“Craft both suffers and benfits from its intimate links to popular culture. From Martha Stewart and the pottery scene in “Ghost”” to Disney World, Stitch n’ Bitches and DIY activism craft is shaped through its perception as an accessible art form. This course will examine how craft relates to the scholarly field of popular culture by framing historical and contemporary popular culture examples through the lens of class, gender and race to seek answers to the questions around craft’s position as a field of scholarly discourse.”
I chose AHIS 3114 Popular Culture and Craft History for the professor – Dr. Sandra Alfoldy. When I took her 20th Century Craft history class last year I knew that no matter the subject of the course being taught if she was teaching something I would be there. Her classes are well organized, the readings always compliment the course and the subsequent lectures, and papers, exams and assignments are always fun and interesting. Her lectures are the highlight of my week, every week – Dr. Alfoldy has a gift. Humorous, informative and extremely intelligent I sit captivated and listen to every word.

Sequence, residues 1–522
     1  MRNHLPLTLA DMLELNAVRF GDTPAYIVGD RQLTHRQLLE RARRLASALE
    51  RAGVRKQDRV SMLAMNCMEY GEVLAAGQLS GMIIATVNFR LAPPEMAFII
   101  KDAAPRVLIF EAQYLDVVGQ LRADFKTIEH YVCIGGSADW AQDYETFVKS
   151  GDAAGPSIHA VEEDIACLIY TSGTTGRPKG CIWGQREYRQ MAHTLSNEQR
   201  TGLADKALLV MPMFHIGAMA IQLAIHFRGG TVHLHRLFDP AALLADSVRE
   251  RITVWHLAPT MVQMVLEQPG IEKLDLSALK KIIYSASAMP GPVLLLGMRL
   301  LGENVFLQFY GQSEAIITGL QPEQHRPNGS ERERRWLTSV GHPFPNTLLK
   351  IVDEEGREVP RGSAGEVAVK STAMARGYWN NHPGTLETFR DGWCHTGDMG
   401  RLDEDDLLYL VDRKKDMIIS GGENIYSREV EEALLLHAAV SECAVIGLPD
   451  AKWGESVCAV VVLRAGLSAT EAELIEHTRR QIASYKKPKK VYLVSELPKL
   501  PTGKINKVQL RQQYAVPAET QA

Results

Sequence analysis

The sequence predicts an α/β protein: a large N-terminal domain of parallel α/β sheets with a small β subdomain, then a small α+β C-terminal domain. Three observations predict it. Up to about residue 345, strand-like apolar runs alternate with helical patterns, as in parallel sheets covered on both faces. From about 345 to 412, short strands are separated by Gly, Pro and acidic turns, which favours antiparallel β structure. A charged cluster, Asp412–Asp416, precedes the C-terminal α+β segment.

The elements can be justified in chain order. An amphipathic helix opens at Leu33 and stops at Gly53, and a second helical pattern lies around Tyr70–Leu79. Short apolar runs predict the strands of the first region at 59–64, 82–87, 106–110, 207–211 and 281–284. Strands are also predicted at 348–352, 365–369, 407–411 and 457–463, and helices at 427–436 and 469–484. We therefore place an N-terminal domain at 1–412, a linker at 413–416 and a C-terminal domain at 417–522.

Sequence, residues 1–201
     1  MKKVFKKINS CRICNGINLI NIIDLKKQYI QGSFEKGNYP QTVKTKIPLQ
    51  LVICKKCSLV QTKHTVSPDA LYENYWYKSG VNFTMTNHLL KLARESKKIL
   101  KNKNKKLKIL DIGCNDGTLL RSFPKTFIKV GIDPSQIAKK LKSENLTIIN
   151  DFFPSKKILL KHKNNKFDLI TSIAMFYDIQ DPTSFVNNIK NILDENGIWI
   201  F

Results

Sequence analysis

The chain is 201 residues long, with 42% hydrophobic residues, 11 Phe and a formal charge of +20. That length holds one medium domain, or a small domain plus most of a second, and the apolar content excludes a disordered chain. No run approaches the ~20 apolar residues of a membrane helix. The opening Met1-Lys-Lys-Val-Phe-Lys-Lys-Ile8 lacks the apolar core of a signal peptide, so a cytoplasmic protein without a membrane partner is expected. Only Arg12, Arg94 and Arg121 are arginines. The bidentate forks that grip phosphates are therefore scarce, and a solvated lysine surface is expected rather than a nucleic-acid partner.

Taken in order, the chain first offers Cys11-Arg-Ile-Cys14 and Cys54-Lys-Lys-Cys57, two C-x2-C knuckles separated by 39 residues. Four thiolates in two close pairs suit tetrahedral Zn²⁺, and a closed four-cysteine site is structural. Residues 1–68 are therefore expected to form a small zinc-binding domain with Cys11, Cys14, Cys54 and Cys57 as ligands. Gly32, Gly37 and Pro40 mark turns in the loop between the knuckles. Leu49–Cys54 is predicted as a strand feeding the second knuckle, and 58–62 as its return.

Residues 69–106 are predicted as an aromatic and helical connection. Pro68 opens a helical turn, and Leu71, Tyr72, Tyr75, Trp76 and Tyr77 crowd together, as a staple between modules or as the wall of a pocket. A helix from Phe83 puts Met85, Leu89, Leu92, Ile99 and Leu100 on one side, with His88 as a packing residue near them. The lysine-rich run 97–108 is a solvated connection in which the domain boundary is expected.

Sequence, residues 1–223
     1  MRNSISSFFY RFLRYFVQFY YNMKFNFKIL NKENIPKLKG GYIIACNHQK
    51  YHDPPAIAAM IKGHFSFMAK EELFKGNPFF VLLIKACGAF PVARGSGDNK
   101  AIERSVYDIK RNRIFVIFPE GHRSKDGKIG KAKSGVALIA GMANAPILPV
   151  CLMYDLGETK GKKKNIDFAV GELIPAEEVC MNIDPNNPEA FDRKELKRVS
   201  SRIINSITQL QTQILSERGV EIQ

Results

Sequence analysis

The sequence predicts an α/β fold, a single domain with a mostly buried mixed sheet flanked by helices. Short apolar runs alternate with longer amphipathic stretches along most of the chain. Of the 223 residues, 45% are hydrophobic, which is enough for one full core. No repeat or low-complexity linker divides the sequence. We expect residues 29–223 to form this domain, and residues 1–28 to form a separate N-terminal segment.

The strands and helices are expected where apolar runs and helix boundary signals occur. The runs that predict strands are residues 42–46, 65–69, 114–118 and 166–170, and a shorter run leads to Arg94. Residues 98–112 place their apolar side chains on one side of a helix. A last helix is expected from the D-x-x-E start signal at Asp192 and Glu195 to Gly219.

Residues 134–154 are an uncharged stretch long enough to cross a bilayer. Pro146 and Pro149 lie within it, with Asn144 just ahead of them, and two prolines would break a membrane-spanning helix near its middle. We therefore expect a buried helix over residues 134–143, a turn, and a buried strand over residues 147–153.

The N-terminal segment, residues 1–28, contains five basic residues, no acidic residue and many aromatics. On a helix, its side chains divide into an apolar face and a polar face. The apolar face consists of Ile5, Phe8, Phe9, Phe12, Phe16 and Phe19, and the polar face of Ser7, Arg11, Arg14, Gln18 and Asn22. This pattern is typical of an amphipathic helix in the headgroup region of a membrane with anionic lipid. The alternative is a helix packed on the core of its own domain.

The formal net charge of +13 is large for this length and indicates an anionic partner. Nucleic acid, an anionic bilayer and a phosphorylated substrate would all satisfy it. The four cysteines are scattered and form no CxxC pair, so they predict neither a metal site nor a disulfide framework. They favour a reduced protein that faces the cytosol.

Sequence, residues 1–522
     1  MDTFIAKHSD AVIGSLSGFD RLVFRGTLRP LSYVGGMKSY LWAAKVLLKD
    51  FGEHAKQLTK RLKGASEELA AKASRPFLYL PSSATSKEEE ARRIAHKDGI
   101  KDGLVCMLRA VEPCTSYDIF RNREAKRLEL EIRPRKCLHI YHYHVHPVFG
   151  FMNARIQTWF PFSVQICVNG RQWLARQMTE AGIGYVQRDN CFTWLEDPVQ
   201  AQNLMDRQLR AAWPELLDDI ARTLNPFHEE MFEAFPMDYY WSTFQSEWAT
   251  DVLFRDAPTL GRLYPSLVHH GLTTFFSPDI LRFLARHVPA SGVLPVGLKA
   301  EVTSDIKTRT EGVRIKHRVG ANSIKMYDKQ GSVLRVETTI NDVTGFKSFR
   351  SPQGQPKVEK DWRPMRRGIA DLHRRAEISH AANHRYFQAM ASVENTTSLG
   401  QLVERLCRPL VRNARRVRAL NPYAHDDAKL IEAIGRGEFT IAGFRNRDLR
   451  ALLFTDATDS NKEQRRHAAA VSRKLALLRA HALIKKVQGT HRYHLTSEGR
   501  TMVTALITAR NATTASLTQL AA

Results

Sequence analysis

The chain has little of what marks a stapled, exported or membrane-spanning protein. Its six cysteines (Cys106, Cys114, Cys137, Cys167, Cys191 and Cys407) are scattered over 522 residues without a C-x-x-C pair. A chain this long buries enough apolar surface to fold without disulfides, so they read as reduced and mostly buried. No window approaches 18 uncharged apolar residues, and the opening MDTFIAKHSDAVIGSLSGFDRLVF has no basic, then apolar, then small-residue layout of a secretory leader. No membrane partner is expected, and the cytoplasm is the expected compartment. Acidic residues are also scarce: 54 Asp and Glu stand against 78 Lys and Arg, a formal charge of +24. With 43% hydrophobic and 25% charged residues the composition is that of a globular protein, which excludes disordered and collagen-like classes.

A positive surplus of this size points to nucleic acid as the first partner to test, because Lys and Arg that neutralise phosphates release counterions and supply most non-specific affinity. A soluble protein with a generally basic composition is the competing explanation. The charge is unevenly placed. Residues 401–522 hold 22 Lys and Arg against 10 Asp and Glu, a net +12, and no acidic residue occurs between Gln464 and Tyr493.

30% of our grade for Popular Culture and Craft is responses to the weeks readings, written in the first 15 minutes of class. Its a brilliant idea to keep us from skipping classes – ironic because I would never willingly miss any of her lectures!
We also have have a term paper due before the February break, a written and physical proposal for a new popular culture craft idea due March 26th, and our final presentations on April 16th. There is a lot of written work but no final exams – bonus!